Teleradiology European-style comes with unique risks

March 27, 2008

As teleradiology use increases in Europe, more commentators are addressing issues and limitations. One such assessment by Dr. Adrian K. Dixon of the radiology department at the University of Cambridge in the U.K. identifies a number of issues and risks.

As teleradiology use increases in Europe, more commentators are addressing issues and limitations. One such assessment by Dr. Adrian K. Dixon of the radiology department at the University of Cambridge in the U.K. identifies a number of issues and risks.

From a European perspective, teleradiology can be problematical if the remote reader has no intimate knowledge of the medical system of the area or country where the imaging study originates.

"In the U.K., for example, the type of report would vary considerably according to whether the patient has been referred by, say, a consultant neurosurgeon rather than a primary care practitioner," Dixon said.

Dixon's January paper noted that outsourced reports should, as near as possible, be in the same style as reports customarily issued at the originating location. Otherwise, referring physicians may not understand the meaning of some reports. Also, teleradiologists should be required to demonstrate competence in the language of the country or state where the patient resides, he said (J Am Coll Radiol 2008;5(1):12-18).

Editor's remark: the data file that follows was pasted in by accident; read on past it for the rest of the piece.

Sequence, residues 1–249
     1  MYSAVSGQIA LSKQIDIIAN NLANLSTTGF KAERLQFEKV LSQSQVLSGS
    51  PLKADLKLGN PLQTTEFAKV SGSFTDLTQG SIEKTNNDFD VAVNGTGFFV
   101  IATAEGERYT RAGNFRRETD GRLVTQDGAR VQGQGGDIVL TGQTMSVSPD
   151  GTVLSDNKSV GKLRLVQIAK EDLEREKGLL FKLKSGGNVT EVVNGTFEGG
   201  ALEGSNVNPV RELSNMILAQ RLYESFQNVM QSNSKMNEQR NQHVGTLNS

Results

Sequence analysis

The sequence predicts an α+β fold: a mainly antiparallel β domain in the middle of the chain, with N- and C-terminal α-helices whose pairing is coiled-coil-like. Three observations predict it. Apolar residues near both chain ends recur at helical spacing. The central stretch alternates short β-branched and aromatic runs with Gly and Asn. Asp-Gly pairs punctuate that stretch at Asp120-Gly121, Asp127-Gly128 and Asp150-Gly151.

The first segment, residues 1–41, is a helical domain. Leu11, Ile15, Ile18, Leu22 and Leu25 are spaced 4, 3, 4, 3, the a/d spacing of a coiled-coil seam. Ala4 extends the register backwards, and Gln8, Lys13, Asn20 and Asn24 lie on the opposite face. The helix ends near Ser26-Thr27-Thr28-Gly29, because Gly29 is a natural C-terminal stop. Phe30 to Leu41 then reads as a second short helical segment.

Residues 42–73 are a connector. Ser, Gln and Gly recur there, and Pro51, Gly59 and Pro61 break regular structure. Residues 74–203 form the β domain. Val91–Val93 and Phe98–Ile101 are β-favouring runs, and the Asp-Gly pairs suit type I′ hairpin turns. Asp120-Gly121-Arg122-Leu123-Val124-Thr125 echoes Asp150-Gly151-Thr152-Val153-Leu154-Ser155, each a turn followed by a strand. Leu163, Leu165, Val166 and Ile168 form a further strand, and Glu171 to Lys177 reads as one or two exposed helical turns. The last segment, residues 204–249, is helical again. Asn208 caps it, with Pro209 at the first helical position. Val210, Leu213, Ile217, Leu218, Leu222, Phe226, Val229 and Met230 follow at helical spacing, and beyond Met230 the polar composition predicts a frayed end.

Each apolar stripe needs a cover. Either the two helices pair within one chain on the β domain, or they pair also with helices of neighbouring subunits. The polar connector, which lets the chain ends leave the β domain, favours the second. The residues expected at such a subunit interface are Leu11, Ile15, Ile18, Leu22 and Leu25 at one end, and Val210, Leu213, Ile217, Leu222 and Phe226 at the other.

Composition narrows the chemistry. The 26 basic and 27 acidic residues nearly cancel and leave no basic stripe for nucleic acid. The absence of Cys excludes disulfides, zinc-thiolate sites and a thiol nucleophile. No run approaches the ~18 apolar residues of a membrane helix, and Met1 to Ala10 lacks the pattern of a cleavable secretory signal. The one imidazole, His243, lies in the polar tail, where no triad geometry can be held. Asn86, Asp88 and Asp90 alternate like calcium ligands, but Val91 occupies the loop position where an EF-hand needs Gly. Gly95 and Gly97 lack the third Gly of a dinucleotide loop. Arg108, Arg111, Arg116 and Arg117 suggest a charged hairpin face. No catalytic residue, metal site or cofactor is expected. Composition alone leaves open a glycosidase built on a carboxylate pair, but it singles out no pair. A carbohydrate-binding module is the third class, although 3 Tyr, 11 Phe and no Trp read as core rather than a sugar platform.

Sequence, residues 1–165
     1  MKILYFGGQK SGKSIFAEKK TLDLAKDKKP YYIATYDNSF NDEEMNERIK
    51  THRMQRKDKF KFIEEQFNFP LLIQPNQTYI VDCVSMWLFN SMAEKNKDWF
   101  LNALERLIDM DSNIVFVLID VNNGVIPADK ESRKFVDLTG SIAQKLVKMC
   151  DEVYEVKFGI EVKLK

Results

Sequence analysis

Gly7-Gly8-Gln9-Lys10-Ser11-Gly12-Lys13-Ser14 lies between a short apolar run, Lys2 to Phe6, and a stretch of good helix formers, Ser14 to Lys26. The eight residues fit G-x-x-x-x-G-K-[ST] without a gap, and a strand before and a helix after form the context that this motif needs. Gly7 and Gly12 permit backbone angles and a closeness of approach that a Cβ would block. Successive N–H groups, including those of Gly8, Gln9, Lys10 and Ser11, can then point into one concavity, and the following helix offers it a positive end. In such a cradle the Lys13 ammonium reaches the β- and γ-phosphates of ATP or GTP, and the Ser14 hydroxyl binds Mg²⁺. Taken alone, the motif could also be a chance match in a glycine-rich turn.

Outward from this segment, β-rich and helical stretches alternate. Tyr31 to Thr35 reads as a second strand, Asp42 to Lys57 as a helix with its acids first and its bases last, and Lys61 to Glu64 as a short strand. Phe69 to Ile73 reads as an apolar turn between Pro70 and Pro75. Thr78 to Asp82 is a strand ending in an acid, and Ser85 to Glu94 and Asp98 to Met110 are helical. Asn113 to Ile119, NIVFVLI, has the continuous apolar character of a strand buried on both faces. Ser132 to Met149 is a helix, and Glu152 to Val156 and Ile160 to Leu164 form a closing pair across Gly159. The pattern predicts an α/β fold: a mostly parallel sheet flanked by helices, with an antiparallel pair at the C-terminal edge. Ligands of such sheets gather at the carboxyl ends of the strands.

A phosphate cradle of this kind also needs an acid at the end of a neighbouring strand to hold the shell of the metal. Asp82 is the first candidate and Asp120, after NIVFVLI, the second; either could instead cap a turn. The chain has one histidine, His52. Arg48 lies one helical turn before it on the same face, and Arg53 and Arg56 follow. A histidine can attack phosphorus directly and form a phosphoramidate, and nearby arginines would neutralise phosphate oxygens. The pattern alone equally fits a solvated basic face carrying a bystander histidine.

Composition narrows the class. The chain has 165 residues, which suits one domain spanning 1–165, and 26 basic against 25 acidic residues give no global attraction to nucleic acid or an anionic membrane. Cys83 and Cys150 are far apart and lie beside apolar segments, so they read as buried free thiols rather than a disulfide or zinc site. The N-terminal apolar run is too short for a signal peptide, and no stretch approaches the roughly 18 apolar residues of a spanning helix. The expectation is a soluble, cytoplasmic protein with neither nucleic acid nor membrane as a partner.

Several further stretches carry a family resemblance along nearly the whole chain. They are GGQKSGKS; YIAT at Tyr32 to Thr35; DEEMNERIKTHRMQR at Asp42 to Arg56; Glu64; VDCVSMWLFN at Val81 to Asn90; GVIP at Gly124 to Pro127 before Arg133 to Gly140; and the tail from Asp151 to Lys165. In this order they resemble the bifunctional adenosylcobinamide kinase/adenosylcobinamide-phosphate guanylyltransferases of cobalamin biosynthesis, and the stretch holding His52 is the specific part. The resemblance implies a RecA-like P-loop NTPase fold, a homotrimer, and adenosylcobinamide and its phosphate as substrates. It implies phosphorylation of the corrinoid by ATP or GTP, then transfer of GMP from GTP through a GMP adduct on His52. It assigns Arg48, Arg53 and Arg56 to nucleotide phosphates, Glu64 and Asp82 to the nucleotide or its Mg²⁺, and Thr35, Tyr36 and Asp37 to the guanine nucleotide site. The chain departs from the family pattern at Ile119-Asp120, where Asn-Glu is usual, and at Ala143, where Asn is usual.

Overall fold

"Obviously, clinicians expect reports issued in the conventional terminology of their country," Dixon said.

Standardized reporting methodology would be helpful in this regard, he said. It is extremely helpful if the remote radiologist is known to the local clinicians.

"Thus, many European healthcare systems are compiling groups or chambers of radiologists to cover a region within a country, so that there is close liaison between colleagues," he said.

Other issues with European teleradiology resemble those experienced in the U.S.

The remote reporter may not have access to all prior images for that patient and not produce a report consistent with the patient's overall clinical condition. This is particularly true as information on request forms gets briefer and briefer and assumes that the radiology department has full access to the records and previous radiological history, Dixon said.

Another fear is that outsourcing imaging studies could result in there being fewer local radiologists left to support imaging needs of the community.

"Local imaging units would be left vulnerable to the decisions of major providers, who might consider it not financially worth while keeping such units open. This could lead to a significant reduction in healthcare services to the community," Dixon said.